“A Game of Thrones” is now several episodes into Season 2. The storytelling is complex, compelling–I can easily imagine Shakespeare, or Machiavelli observing similar antics in their day, and filing the details away for use in the writing. The acting is superb, the costuming gorgeous, the scenery (Northern Ireland, Malta, Iceland!) amazing.
And yet every time the opening credits roll, I am glued to my seat, staring, mesmerized.
Angus Wall has opening credit design props already (Big Love, Carnivale, Rome). I’ve seen the first two, and found them moving, and absorbing. But more than those others, “A Game of Thrones”‘ opening credits tells a story. And every time the story is different. Each time, the cities involved alter, to fit those who fall into the episode being aired. Then, there’s the actual mechanics of the crdits themselves. The long shot is as though from a lens of a telescope, and the lens goes into more extreme magnifications to look down (godlike, perhaps) on the happenings of this world. As the lens focuses, a city begins to rise up–the construction is specific to the cities in the novels, which A Game of Thrones is based on. Kings Landing, for example, has high towers and walls, which crank up as though a piece of clockwork. You can tell the size and potential importance of the locations based on how extensive the constructs are.
Another cutaway shot is of the sun following its path above the planet, further inviting the watcher to feel godlike in their third party observation of the stories happening below. The final shot, pulling back from the cities, focuses on the standards of the various royal houses involved–House Lannister, House Baratheon, House Stark, House Targaryen. The animal icons involved are all in various action poses–much like their houses, trying to find their way through the mess of the succession, and the intrigue that makes up the storyline.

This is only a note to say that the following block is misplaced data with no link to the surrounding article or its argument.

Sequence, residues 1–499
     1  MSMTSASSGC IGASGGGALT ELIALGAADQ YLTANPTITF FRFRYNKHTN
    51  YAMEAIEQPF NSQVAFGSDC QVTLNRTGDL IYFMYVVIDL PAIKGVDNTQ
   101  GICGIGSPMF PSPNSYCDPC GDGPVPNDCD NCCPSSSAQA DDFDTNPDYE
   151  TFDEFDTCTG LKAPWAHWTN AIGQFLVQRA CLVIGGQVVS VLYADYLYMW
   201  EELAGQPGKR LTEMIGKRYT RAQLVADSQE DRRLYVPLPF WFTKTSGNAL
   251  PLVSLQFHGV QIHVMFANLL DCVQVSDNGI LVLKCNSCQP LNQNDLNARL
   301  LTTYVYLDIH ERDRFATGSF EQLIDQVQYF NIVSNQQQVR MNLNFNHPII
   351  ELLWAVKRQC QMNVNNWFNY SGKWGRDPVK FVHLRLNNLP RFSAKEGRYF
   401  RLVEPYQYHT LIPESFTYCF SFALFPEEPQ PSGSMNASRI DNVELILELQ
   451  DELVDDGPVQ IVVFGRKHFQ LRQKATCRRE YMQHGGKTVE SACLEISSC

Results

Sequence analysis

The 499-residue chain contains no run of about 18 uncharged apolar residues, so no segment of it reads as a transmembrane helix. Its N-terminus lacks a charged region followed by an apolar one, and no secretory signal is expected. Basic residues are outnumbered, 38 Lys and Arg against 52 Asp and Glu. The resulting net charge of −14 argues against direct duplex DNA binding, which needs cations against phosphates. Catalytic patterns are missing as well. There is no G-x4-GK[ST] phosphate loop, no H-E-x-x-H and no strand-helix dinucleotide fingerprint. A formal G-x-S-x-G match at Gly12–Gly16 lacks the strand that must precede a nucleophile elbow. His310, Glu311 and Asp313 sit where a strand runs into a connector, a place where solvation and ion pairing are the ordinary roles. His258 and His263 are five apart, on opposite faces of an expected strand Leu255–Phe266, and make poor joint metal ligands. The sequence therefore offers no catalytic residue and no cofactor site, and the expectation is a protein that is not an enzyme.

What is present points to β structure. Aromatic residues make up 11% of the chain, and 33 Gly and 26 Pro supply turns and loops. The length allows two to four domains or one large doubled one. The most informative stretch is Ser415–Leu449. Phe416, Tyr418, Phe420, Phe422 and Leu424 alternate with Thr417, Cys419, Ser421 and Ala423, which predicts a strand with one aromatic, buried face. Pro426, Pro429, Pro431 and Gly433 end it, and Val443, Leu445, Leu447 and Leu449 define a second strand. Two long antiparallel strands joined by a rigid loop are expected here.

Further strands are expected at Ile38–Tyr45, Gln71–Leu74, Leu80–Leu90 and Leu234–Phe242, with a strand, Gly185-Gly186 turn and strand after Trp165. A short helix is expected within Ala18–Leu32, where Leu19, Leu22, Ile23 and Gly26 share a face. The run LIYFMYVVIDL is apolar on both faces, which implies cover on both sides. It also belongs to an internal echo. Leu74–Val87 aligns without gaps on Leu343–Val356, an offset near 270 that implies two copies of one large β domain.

Watching this map of the world come to life through its credits, I almost feel like I can the framework George R.R. Martin must have imagined, when he initially began the books this show is based on. I know Martin had planned to make this series so epic, so incredible, that television would never pick it up (after he experienced incredibly painful “kill” decisions on other shows he wrote for, specifically “Beauty and the Beast”, which had incredible storylines that television management couldn’t grasp). I hope he feels HBO is doing his vision justice.